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The Philosophy of Mathematical Practice$
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Paolo Mancosu

Print publication date: 2008

Print ISBN-13: 9780199296453

Published to Oxford Scholarship Online: February 2010

DOI: 10.1093/acprof:oso/9780199296453.001.0001

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Mathematical Concepts: Fruitfulness and Naturalness

Mathematical Concepts: Fruitfulness and Naturalness

Chapter:
(p.276) 10 Mathematical Concepts: Fruitfulness and Naturalness
Source:
The Philosophy of Mathematical Practice
Author(s):

Jamie Tappenden

Publisher:
Oxford University Press
DOI:10.1093/acprof:oso/9780199296453.003.0011

This chapter addresses the question of when one concept or definition is properly regarded as more ‘natural’ than another with reference to the principle that a mark of good definitions is their theoretical fruitfulness, especially as incorporated in the methodology implicit in the work of Riemann and Dedekind. It explores the suggestion that the objectivity of imputations of ‘naturalness’ of concepts/definitions/properties can be underwritten at least in part by quasi-empirical mathematical practices of conjecture and verification, in a mathematical analogue of Goodman's ‘New Riddle of Induction’.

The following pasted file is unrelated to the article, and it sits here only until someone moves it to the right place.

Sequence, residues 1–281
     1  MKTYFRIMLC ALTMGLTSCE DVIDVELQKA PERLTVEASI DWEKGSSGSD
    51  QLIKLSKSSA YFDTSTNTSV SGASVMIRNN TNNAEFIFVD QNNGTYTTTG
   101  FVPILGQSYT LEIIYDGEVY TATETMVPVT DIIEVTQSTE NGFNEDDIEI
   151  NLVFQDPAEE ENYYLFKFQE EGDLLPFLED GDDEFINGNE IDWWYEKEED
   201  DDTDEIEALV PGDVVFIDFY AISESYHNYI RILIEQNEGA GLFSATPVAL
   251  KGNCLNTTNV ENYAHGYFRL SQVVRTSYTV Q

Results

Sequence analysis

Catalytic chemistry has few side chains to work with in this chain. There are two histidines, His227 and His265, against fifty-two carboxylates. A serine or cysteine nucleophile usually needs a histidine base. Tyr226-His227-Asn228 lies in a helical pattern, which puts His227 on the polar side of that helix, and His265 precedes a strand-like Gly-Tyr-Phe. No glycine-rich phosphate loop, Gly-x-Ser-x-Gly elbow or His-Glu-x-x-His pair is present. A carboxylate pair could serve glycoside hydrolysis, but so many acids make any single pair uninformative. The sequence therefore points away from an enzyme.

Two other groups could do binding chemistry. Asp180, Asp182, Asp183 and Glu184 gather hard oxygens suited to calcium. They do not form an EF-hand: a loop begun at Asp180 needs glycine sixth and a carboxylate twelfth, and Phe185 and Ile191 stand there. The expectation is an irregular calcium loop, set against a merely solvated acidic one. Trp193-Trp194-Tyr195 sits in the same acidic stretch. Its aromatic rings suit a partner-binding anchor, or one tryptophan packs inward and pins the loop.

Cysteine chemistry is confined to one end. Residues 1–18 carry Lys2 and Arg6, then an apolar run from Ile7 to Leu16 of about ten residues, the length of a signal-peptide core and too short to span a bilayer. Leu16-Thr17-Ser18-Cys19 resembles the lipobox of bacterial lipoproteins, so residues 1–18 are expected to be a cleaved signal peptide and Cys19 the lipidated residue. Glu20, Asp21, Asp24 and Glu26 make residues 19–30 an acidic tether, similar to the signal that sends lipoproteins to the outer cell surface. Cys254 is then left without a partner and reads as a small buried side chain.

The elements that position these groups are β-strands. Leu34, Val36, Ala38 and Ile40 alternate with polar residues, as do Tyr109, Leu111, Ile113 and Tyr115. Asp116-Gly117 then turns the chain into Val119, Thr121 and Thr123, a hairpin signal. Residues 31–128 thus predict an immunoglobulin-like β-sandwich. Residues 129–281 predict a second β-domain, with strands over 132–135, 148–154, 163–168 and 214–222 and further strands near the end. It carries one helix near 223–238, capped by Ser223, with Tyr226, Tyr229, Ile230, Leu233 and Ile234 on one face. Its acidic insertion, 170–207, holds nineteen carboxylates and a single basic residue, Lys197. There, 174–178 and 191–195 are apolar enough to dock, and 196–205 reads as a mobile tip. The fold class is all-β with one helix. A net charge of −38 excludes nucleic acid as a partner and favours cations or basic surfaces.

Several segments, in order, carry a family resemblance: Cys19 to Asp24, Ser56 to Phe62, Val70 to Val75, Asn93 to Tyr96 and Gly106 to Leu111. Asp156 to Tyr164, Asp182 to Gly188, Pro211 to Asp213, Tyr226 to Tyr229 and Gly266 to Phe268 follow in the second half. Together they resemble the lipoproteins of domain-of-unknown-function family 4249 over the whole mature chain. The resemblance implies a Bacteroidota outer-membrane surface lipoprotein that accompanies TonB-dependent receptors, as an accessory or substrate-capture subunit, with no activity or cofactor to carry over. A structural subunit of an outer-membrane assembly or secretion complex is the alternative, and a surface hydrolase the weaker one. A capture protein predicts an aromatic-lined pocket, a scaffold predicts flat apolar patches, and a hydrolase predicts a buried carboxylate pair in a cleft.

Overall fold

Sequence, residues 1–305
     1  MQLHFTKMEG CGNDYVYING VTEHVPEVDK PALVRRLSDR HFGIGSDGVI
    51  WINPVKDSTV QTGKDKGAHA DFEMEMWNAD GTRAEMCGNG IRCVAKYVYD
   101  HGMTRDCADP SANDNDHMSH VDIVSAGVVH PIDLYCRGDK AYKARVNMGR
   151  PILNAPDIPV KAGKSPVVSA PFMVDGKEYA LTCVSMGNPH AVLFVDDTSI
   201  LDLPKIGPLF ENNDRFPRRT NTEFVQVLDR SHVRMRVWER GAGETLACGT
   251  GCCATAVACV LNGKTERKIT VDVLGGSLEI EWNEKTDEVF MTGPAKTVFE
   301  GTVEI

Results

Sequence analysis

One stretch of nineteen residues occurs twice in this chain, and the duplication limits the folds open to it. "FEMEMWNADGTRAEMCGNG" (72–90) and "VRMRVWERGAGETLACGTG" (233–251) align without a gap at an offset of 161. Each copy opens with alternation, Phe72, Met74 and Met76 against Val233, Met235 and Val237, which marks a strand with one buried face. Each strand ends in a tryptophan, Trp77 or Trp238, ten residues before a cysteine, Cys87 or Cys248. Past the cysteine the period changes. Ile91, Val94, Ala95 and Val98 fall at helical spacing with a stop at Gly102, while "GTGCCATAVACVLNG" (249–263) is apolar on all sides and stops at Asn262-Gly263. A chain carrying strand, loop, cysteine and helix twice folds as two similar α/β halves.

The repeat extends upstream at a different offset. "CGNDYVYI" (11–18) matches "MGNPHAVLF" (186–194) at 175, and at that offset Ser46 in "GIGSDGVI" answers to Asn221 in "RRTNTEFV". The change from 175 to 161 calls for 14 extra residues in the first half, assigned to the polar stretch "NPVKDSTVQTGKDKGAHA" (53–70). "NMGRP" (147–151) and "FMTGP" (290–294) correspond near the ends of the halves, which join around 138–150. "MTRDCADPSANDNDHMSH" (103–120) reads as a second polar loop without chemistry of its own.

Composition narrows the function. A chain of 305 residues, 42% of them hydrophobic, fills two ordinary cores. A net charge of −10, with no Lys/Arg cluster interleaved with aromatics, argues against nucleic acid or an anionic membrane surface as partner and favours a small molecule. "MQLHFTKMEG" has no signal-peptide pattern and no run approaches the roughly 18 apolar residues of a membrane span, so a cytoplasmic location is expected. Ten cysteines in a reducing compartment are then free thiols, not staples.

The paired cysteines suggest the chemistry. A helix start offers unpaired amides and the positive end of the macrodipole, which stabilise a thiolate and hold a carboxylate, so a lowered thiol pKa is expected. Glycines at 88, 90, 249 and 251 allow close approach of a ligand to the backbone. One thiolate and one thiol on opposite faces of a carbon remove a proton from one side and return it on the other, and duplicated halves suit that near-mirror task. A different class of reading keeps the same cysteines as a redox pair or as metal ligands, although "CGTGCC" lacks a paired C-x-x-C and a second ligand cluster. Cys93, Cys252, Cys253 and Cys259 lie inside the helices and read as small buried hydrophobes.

Keywords:   concept, definition, natural property, fruitfulness, methodology, Bernhard Riemann, Richard Dedekind, conjecture, verification

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